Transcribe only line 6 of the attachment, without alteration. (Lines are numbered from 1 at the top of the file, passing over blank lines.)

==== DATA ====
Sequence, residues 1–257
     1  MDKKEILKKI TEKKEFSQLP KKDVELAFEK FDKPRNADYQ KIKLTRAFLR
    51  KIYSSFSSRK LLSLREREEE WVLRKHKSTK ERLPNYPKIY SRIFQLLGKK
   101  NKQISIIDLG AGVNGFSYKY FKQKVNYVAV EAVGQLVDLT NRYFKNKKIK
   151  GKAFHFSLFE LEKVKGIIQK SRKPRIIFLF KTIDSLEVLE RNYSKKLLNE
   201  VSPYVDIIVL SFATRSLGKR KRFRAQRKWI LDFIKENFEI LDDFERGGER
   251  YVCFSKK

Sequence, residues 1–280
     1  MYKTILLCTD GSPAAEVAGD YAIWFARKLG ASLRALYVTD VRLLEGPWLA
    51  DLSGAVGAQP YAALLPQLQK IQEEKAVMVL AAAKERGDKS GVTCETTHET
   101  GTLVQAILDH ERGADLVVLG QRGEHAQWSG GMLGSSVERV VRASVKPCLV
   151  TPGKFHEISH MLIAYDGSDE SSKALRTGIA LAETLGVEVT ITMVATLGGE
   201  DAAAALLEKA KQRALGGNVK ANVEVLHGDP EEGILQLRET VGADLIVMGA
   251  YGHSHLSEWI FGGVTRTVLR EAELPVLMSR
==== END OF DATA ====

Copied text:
   201  VSPYVDIIVL SFATRSLGKR KRFRAQRKWI LDFIKENFEI LDDFERGGER